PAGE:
Sorry for such a large introduction, I hope to learn a lot from everyone here as i progress with this project! Hope you all have a good evening. I shall finish this up with the few pictures i have so far.

      
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    Re: New member here!

    Post by kenh on Mon Oct 10, 2016 6:16 am

    Welcome to our wacky world!

    Great looking beginning.  Is that roller nut assembly milled from aluminum?  I've heard there can be problems with aluminum 'sticking'.  You want want to Search here and see what has been written.

    I have to say I admire the heck out of any metalworker... just not something I ever had the opportunity to learn.  I'm a woodworker, myself.

    AFAIK, Alchem is still in business -- slow but still in business.

    Certainly that 3x3 can be shaped to reduce half the mass, at least, while retaining all the needed strength.
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    Re: New member here!

    Post by Cscott on Mon Oct 10, 2016 7:06 am

    It is entirely mild steel actually. I basically followed the guidelines on the wiki, then milled the mug welds off nice and clean. I have been debating on switching out the mild steel nut for a delrin one. What I will probably do is make one of delrin and test the both out when this thing is completed. 

    And thank you! I admire all woodworkers, working with a chisel scares me. After getting used to working steel wood seems to move entirely too easily.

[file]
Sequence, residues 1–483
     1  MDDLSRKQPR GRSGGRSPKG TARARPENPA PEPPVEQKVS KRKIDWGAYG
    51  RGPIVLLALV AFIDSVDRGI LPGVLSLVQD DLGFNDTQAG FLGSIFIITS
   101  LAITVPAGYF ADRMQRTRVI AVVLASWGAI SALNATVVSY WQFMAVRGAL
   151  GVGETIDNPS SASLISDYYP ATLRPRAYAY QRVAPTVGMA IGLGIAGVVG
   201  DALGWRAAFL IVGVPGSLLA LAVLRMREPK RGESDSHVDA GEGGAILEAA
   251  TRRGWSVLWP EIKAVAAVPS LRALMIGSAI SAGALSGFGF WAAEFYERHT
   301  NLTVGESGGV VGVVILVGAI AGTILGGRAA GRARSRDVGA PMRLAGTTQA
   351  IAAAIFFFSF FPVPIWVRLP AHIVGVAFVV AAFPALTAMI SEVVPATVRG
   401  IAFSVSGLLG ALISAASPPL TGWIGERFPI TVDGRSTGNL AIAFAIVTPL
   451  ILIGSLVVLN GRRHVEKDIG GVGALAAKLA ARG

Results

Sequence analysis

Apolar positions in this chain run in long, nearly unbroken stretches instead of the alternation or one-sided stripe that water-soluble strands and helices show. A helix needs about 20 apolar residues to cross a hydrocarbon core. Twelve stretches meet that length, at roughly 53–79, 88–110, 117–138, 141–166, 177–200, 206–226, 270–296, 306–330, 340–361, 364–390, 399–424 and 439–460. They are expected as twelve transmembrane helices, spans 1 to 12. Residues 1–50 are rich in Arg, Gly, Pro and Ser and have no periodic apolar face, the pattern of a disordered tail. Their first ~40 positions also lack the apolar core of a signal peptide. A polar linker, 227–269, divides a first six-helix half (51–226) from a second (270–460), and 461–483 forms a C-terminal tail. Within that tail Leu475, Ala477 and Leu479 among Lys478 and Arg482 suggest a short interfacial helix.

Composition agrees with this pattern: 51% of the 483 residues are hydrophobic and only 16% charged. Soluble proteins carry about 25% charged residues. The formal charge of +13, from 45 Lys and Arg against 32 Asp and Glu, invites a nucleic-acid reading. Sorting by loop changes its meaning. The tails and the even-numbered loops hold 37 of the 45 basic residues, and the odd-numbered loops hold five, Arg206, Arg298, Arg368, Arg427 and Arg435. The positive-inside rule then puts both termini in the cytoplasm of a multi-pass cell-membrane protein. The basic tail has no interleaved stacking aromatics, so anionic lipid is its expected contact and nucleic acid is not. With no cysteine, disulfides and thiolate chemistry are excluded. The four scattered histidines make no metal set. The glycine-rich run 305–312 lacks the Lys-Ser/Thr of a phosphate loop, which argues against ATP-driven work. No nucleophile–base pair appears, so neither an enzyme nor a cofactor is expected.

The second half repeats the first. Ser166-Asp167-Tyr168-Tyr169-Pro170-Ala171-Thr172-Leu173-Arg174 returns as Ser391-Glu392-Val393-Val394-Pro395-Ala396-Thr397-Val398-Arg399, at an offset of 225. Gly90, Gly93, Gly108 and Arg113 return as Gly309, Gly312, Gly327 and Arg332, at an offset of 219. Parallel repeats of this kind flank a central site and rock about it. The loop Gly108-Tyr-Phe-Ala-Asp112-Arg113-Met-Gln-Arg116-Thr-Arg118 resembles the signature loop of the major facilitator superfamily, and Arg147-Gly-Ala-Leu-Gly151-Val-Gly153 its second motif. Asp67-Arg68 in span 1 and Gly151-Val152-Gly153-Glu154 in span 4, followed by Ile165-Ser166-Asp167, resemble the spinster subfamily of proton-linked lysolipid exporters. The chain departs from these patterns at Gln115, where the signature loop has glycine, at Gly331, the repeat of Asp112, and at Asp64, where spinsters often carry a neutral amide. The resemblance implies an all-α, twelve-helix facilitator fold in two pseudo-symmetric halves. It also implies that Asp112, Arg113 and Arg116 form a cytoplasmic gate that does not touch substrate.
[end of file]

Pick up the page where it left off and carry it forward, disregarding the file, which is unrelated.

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    Re: New member here!

    Post by Onager Lovac on Mon Oct 10, 2016 3:21 pm

    Thank God, people can join again!!
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    Re: New member here!

    Post by Onager Lovac on Mon Oct 10, 2016 5:20 pm

    Yo Cscott if you made a tiny crossbow show us, by the way dont be afraid of using a chisel its easier than you think.
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    Re: New member here!

    Post by Onager Lovac on Mon Oct 10, 2016 5:21 pm

    Oh, and welcome to the forum.
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    Re: New member here!

    Post by Xamllew on Tue Oct 11, 2016 6:36 am

    Welcome. Your work looks very promising so far, can't wait to see how it goes.
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    Re: New member here!

    Post by Cscott on Tue Mar 21, 2017 3:11 pm

    Hello all! I finally received my prod from alchem, so I am now ready to continue this project. Before I do so however, I have a question. I just now realized that since I used 2.5 x 2.5 square oak, once I cut my slot for the prod I will only have 3/8" of wood remaining above and below the prod. Is this going to be a safety issue?
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    Re: New member here!

    Post by Onager Lovac on Tue Mar 21, 2017 7:53 pm

    Go for it man!.
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    Re: New member here!

    Post by Geezer on Wed Mar 22, 2017 4:31 pm

    3/8 in. top and bottom should be just fine.  That's what I use.  Geezer.